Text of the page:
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Newsletter no 2/2013 - Tax

Published 05/07/2013

The Norwegian Government announces major tax changes to stimulate the mainland economy and increase the revenue from the petroleum sector

On 5 May 2013 the Norwegian Government proposed certain tax changes in order to stimulate the Norwegian mainland economy. This includes among other things a lowering of the general corporate tax rate. In addition, the Government proposed to increase the tax revenue from oil companies operating on the Norwegian continental shelf by way of reducing the cost base for special petroleum tax.

1. Changes in the general corporate taxation

The general Norwegian corporate income tax rate is currently 28 per cent. The Government has now proposed to reduce the rate to 27 per cent. Corresponding tax cuts are proposed for partners in (transparent) partnerships as well as for individual enterprises. However, the marginal tax rate applicable to oil companies and hydropower plants will remain unchanged. The reason is that it is proposed to increase the ground rent taxation of such companies with one percentage point.

The proposal also includes the introduction of an extra 10 per cent opening depreciation of machinery and equipment etc. This implies that such assets can be written off by 30 per cent in the purchase year (as opposed to 20 per cent according to the present rules). The proposal makes no changes in the depreciation allowance of 20 per cent annually subsequent of the purchase year.

Another important element of the proposal is that the Skattefunn scheme will be strengthened by MNOK 100 in order to stimulate business R&D spendings. Skattefunn is a tax credit scheme where business enterprises may apply for tax deductions in connection with R&D projects.

The above mentioned proposals are suggested to be effective as from the income year of 2014, and will formally be submitted to the Parliament in the 2014 tax bill the coming autumn. The proposals must be seen in connection with the recently proposed limitations on deduction for interest expenses paid to related parties, which is assumed to partly finance the new proposals.

2. Reduced cost deduction for oil companies

The Government has also proposed to reduce the deduction for investment costs when computing the base for the special petroleum tax. The deduction is proposed reduced from 30 per cent to 22 per cent of the investment costs. The deduction will still be divided over four years following the year the investment was incurred, which implies a new annual deduction rate of 5.5 per cent compared to the current 7.5 per cent. The Government has estimated that the proposal will result in a net present value of 70 billion NOK in increased tax revenues over the period 2013-2050.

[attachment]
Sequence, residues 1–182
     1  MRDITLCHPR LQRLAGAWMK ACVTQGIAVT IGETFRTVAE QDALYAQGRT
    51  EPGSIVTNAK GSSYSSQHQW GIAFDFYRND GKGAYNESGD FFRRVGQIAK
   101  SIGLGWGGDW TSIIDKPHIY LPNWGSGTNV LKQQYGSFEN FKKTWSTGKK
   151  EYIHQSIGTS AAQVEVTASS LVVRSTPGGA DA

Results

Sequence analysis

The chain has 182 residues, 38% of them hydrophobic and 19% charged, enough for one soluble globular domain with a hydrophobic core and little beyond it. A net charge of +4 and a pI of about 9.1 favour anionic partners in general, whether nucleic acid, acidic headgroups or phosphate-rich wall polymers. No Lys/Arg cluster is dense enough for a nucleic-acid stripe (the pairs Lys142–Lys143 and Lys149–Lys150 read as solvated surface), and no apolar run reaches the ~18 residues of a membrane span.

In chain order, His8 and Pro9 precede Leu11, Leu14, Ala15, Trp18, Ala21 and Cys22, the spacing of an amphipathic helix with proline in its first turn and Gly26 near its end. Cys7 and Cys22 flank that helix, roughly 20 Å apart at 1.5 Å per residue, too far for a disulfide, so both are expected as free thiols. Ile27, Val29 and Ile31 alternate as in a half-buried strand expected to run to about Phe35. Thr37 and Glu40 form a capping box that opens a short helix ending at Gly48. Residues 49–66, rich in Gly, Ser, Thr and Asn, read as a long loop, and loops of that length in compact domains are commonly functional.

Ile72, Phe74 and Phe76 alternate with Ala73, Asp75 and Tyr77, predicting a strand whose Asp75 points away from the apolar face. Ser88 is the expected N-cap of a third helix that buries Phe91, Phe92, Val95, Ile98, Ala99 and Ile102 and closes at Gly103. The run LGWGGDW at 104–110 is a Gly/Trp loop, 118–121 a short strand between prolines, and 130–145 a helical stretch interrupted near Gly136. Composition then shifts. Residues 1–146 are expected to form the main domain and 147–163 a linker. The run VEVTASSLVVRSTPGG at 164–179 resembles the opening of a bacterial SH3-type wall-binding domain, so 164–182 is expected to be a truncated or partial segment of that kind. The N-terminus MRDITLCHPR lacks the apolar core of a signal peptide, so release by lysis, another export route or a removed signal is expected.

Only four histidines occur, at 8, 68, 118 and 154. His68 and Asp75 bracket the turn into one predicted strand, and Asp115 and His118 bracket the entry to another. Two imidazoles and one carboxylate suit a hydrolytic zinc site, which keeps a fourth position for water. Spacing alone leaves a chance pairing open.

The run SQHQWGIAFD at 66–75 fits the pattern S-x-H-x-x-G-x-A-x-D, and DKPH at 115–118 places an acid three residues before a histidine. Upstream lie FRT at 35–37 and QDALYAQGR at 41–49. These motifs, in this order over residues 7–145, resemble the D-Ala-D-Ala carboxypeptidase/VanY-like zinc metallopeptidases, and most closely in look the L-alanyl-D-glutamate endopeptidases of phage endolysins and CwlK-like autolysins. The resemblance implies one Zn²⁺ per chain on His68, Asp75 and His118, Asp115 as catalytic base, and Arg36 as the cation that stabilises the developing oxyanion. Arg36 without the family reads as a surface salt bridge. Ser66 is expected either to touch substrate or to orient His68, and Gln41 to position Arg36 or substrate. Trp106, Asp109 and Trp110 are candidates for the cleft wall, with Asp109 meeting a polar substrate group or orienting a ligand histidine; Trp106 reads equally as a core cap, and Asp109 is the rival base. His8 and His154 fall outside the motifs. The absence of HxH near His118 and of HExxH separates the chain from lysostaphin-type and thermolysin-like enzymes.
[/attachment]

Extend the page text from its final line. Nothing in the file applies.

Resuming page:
It follows from the announcement that there will be a transitional rule shielding inter alia projects where the Ministry of Petroleum and Energy has received a plan for development and operation (PDO) or a plan for installation and operation (PIO) prior to 5 May 2013. The transition rule will also apply to investments where an application for an exemption or written notification of any significant deviation from a PDO or a PIO is received by the Ministry prior to 5 May 2013.

However, only investments incurred up to the same year as production starts or operation of the facility starts, will benefit from the transition rule. For investments covered by the transition rule, the current deduction of 7.5 per cent will still apply.

This newsletter contains information in summary form and is therefore intended for general guidance only. It is not intended to be a substitute for detailed research or the exercise of professional judgement. BAHR will not accept any responsibility for loss occasioned to any person acting or refraining from action as a result of any material in this newsletter.

Advokatfirmaet BAHR AS
Tjuvholmen allé 16, NO-0252 Oslo | PO Box 1524 Vika, NO-0117 Oslo
T: +47 21 00 00 50 | |